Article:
$ sudo chgrp -R influxdb /opt/influxdb

Also other directories needs to have the rights for influxdb user.

$ sudo mkdir -p /etc/opt/influxdb
$ sudo chown -R influxdb /etc/opt/influxdb
$ sudo chgrp -R influxdb /etc/opt/influxdb

$ sudo mkdir -p /var/run/influxdb
$ sudo chown -R influxdb /var/run/influxdb
$ sudo chgrp -R influxdb /var/run/influxdb

$ sudo touch /etc/default/influxdb
$ sudo chown -R influxdb /etc/default/influxdb
$ sudo chgrp -R influxdb /etc/default/influxdb

As influxdb user the config needs to be created:

$ su influxdb
$ /opt/influxdb/influxd config > /etc/default/influxdb

For getting the daemon booted automatically we need to install the rc script as root.

# cp <...>/src/github.com/influxdb/influxdb/scripts/init.sh /etc/initd/influx

Then we add it to the runlevels (in /etc/initd).

# insserv influx

Starting the service...

# service influx start
Starting the process influxdb [ OK ]
influxdb process was started [ OK ]

Now it is time to test if it is running:

# service influx status
influxdb Process is running [ OK ]

You can also connect now with your browser to port 8083.

Using GPUs with #golang (2014-05-07)

A nice presentation about how to use the Go programming language (#golang) with CUDA (from FOSDEM 2014): Scientific GPU Computing with Google's Go Language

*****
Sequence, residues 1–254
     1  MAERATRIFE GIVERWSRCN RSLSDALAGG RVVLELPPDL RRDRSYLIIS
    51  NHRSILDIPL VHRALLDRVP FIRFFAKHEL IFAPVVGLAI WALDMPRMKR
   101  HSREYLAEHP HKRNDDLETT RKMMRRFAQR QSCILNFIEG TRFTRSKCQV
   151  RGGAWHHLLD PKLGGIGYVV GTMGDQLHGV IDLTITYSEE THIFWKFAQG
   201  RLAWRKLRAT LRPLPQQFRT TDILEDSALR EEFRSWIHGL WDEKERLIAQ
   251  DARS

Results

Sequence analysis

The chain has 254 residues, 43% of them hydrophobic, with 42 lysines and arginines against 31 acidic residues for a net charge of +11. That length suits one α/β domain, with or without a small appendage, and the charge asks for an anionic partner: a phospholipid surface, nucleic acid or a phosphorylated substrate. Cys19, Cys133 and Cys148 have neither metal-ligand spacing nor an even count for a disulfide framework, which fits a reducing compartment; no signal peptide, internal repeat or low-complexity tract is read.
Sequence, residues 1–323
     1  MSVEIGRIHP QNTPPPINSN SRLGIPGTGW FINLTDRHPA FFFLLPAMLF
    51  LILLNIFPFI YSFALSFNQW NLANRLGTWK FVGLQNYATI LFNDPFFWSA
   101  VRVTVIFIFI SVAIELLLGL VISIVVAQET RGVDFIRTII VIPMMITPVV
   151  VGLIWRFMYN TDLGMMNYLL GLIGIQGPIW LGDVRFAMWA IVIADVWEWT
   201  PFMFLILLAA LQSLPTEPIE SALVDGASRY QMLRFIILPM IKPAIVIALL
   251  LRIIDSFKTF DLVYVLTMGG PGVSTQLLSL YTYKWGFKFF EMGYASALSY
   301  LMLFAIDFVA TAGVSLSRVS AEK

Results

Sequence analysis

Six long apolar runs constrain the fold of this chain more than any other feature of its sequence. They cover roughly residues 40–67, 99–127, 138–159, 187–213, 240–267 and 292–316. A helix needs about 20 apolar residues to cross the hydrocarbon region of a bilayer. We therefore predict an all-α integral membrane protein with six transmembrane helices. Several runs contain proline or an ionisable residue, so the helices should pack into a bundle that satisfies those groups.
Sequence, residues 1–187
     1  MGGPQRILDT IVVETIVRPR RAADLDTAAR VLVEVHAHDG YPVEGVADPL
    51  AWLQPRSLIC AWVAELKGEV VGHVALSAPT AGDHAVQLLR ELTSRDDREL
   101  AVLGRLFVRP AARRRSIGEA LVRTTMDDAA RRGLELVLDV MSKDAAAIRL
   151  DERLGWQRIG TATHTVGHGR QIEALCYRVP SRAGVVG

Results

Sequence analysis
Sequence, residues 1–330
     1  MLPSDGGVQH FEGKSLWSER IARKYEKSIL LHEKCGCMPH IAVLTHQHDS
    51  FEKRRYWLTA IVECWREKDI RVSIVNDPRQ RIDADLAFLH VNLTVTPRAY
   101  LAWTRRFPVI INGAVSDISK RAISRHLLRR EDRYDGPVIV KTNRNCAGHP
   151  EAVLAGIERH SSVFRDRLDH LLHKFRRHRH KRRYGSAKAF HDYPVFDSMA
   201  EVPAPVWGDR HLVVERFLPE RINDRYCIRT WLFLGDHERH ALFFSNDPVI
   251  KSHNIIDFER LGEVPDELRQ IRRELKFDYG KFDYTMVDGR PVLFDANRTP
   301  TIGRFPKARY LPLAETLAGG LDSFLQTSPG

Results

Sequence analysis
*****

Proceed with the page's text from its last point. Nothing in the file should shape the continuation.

Go 1.1 Released (2013-05-06)

The new version keeps compatiblity and adds several language and library changes. Some of them are method values, terminating statements, the size of int on lx-amd64 (now 64 bit), as well as heap size changes for large applications. The complete list is here.

Nvidia's Hyper Q Helps Applications to Share One GPU (2013-04-30)

This interesting article describes how the Hyper-Q scheduler from Nvidia is used in order to run multiple MPI processes concurrently on one GPU. Using the alarm state (in order to exclude fully loaded hosts/GPUs for new jobs in the Grid Engine job list/queue) and load values/load thresholds from the GPU and the CPUs Grid Engine should be able to handle this scenario well.

Management and Monitoring of GPU Clusters (2013-03-26)

This presentation from the HPC Advisory Council Conference 2013 gives an introduction about management and monitoring of GPUs.